With word reaching America today that the new moon has been sighted in Saudi Arabia, for much of the world’s billion plus population of Muslims, today marks the final day of Ramadan, the month long fast that is one of the five pillars of the faith of Islam. In the nearly forty years since I decided to embrace the faith, each year, within the Muslim world – known as the Uuma – both the end and the beginning of Ramadan have been sources of mild controversy and conflict because its time and length depend on the moon.
What I learned as I first began to explore the religion was that there is a twelve month calendar followed by Muslims and a great many in the world whose months are determined by the rotations of the moon around the earth - the lunar calendar - rather than the earth’s revolving around the sun - the solar calendar, which America and most of the world uses. I found fascinating the discussions about the planets, their orbits, and the entire cosmic universe contained in the Muslim Holy Book, the Qur’an, with its delving spiritually and scientifically into the wonders and mystery of the cosmos.
Ramadan is the ninth month of the lunar calendar, with each year the months evolving according to the moon, rather than being the fixed calendar dates of the solar calendar, with the result that the months of the two twelve month calendars do not coincide. The ninth month of the lunar calendar this year happens to be the sixth month of the solar calendar, June, meaning that Ramadan this year fell in the longest days of our calendar year 2017. Meaning that during this month of June, from the time of dawn to dusk – about 4:30 a.m. to 8:30 p.m. – Muslims could neither drink anything to quench their thirst nor eat anything to satisfy their hunger. Over a billion humans become for a month each year nocturnal creatures, as their normal bodily need for fluids and food can only be met during the night, mostly sleepless nights, occupied by prayer and scripture reading.
This physiological process that Ramadan puts the human being through rests on a spiritual underpinning. It was during this month over fourteen millenniums ago that a new religion came into the world, Islam, which translated in Arabic means submission to God. Although the state of the world today is obviously vastly different than fourteen hundred years ago when the founder of the faith began his mission to teach to the Arabs and all mankind what all the prophets who had preceded him had taught – i.e. monotheism, one God - today in America, Muslims suffer near the same peril of public and authoritarian threat as the founder and his few followers faced then.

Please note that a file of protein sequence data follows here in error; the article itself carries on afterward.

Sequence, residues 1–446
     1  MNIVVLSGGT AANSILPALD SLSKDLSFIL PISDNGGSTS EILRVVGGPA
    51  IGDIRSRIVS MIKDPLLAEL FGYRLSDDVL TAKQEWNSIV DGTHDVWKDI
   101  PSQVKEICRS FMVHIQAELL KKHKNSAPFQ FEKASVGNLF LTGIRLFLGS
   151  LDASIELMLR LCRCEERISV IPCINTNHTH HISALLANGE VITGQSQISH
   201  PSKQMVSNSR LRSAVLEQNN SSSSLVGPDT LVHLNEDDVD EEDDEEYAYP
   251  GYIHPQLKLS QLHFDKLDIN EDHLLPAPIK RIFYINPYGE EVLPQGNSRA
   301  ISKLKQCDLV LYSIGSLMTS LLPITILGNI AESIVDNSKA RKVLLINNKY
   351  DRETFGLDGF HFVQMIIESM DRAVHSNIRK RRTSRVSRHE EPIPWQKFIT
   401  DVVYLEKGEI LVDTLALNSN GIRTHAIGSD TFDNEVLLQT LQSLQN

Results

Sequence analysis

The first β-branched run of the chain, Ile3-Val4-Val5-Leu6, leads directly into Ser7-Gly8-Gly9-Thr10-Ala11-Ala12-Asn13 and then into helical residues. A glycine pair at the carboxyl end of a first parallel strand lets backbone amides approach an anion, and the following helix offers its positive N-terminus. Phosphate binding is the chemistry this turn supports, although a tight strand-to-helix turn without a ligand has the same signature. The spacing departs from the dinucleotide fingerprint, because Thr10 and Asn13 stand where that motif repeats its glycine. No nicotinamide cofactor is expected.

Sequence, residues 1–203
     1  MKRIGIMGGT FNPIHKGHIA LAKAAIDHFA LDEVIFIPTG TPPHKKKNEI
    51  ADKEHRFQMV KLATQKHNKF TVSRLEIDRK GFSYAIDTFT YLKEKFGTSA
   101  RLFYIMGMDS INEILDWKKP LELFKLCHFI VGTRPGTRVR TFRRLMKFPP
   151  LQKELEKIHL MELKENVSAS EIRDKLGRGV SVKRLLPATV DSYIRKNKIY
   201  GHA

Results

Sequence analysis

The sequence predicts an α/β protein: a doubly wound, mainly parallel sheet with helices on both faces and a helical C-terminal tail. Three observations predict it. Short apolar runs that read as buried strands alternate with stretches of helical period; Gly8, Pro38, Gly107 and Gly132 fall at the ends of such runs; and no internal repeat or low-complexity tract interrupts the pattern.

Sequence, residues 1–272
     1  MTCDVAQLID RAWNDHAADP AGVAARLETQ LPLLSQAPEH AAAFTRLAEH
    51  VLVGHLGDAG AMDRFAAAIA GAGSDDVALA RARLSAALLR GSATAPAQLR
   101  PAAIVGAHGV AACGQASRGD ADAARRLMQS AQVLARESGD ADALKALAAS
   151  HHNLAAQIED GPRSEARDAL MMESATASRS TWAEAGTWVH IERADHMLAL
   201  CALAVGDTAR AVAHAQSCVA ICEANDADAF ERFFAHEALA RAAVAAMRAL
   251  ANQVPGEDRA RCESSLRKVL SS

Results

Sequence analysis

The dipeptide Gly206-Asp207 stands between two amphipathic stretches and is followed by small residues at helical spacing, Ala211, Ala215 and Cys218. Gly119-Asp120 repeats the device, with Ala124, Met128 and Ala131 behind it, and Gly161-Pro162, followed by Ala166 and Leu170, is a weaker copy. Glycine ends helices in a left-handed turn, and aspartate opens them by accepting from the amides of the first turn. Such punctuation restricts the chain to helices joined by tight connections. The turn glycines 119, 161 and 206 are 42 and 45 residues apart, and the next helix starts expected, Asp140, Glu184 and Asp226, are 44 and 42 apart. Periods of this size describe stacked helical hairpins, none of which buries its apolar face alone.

He confronted the rulers of his time with the idea that there was an all-powerful unseen creator and ruler over the universe whose power exceeded theirs. He warned that if they did not end their unjust and oppressive ways, God would take them to task. Some six centuries after the death of Jesus Christ, this mortal middle aged man, uniquely named Muhammad, began speaking aloud, while alone in a cave during Ramadan, words that came to his tongue as a revelation, and over the next twenty-two years that were the remainder of his life he recited publicly words that were verses and stories - poetic, practical, inspirational and instructional - that came to him. These words, Muslims believe, were the Word of God that Muhammad was called upon by Allah – the Arabic word for God - to recite and have recorded in writing as an unchangeable and imperishable book, the Qur’an, which translated in Arabic means recitation.
Since my first Ramadan in 1981, and because of the nature of the lunar calendar to unfold in the opposite direction of the solar calendar, I have experienced the fast through all the seasons and their varying hours of daylight and darkness, and through all the rulers from Reagan to Trump, with Ramadan occurring during the spring and then winter of the Bush I presidency, the winter and then fall of the Clinton years, the fall of Bush II’s two terms, and the summer of the Obama era.
I don’t recall exactly what was occurring with Reagan and his administration in the seventh month of his presidency, a sizzling July summer month that was my first Ramadan, as I was more focused on trying to adhere to the requirements of the fast, studying for the bar exam, and becoming for the first time a father. I do recall unmistakably, though, this foreboding sense of almost imminent doom by black folks that Reagan would roll back and reverse every single civil rights advance, law, and policy achieved in the 60’s and 70’s that he could.
In the sixth month of his presidency, Trump, a fomenter of Muslim fear and arguably the preeminent ruler on the planet, finds himself in the ninth month of the lunar calendar. On this apparently final day of this holy month, fourteen hundred and thirty-eight years after Muhammad fled for his life from Mecca to Medina, Muslims in the millions in America in 2017 find themselves having endured fasting during the longest days of daylight and shortest days of darkness of the year.
A reminder to them that power rests with God.
Eric E. Vickers,
Attorney-at-Law & Civil Rights Activist.
Attorney-at-Law & Civil Rights Activist.